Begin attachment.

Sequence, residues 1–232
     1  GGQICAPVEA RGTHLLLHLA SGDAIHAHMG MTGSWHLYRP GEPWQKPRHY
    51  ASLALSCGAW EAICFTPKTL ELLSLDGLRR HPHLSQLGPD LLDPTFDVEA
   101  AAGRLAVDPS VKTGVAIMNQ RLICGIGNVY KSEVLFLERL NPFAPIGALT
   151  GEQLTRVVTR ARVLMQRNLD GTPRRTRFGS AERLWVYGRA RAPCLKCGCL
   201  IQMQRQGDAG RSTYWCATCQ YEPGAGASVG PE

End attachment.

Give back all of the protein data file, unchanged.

Sequence, residues 1–232
     1  GGQICAPVEA RGTHLLLHLA SGDAIHAHMG MTGSWHLYRP GEPWQKPRHY
    51  ASLALSCGAW EAICFTPKTL ELLSLDGLRR HPHLSQLGPD LLDPTFDVEA
   101  AAGRLAVDPS VKTGVAIMNQ RLICGIGNVY KSEVLFLERL NPFAPIGALT
   151  GEQLTRVVTR ARVLMQRNLD GTPRRTRFGS AERLWVYGRA RAPCLKCGCL
   201  IQMQRQGDAG RSTYWCATCQ YEPGAGASVG PE